How Robin Maxwell's
Jane, the woman who loved Tarzan, was conceived
the ERB, Inc. Site
Review by Margaret Leubs for the Newsletter Purple Sage
of the Eash Sierra Branch, California Writers Club
Robin Maxwell introduced
herself to the Ridge Writers by explaining that she too was a desert denizen,
as she and her husband run a bed and breakfast near Yucca Valley.
She then told us how she came to be interested in both Tarzan and Jane.
Tarzan was her first heartthrob, a gorgeously muscled he-man, living free.
The romantic in her loved that he loved an American girl.
She also enjoyed other comics, such as Superman, but no super-hero could
hold a candle to Tarzan. She never actually read Edgar Rice Burroughs’
novels, but she did love the movies based on them.
Life went on, and she forgot all about Tarzan for decades – until the
movie “Greystoke” came out. The second half of the movie left her cold,
because in that movie Jane never gets to the jungle. But the first half
reminded Maxwell of her early love for the character of Tarzan.
Maxwell has been writing historical novels for over 15 years. Three
years ago, after finishing O Juliet, she began to wonder what her next
book would be about. Maybe more literary lovers? That made her think of
Tarzan and Jane, though her husband was dubious.
She had two friends who were already working with the Edgar Rice Burroughs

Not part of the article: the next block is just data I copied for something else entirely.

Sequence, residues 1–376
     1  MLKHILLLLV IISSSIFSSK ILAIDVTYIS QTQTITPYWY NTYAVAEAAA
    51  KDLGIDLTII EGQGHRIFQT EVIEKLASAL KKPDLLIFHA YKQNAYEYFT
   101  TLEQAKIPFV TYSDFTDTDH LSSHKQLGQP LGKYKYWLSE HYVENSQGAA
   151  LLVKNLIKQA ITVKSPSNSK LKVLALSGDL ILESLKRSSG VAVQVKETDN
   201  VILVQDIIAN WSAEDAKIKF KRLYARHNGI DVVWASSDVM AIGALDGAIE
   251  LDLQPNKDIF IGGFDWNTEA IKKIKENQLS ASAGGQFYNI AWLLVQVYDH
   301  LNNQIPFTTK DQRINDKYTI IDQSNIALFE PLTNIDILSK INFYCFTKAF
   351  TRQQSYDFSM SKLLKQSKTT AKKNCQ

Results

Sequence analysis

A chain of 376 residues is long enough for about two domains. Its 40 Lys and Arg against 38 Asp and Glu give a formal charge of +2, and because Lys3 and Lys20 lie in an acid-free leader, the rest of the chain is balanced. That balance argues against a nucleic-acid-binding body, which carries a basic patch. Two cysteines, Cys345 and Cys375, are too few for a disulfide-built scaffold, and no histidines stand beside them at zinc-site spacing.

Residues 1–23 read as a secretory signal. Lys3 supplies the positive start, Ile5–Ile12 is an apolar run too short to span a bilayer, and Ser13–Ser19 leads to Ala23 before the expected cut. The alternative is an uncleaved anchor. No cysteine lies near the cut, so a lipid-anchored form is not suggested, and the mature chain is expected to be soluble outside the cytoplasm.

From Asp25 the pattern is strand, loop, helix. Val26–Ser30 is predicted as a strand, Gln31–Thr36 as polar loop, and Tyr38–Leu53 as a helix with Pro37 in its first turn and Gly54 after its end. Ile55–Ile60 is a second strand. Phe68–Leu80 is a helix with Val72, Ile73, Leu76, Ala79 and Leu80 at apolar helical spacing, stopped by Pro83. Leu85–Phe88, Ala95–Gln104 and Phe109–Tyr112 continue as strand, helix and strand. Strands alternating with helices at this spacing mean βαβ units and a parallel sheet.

estate for another project, and from them she learned that Burroughs had
written a total of 24 Tarzan novels and that the estate would expect her
to treat him well. So she read the first novel and was blown away by Burroughs’
When she spoke to the president of Edgar Rice Burroughs, Inc., Jim Sullos,
he told her that the estate hadn’t authorized a new Tarzan novel in 30
years. Then she told him her idea – Tarzan from Jane’s point of view –
and three seconds later he said he loved the idea. He also told her that
2012 was the 100th anniversary of the first published novel, so her timing
Then she had to come up with a detailed outline for Jim to pitch to
the board of directors. This required a great deal of research, as is typical
for Maxwell when she writes historical fiction. The right books always
seem to fall into her lap, she said.
She read about the rape of Africa, chimpanzees and gorillas, feral children,
the “missing link” in human evolution, and Edwardian women. Google Earth
was a favorite tool, and YouTube turns out to be very good for seeing places
that you can’t manage to visit in person.
Then she watched the films. She couldn’t get the early silent Tarzans,
but did watch the Weissmuller films. The first two are very sensual, and
the second, made in 1934, contains a nude swimming scene that caused the
Hayes Code to be strengthened.
The more Maxwell read, the more the story came into focus. She knew
that the story had to be fresh and relevant. Sensibilities have changed
since Edgar Rice Burroughs wrote the original books. Seventy percent of
readers today are women (though in fact, Jane has slightly moreRobin Maxwell
shows Ridge Writers the cover of Edgar Rice Burroughs’ original Tarzan
book. Photo by Lizmale than female readers). Maxwell was determined that
her Jane would be forward thinking and well-educated. She also wanted a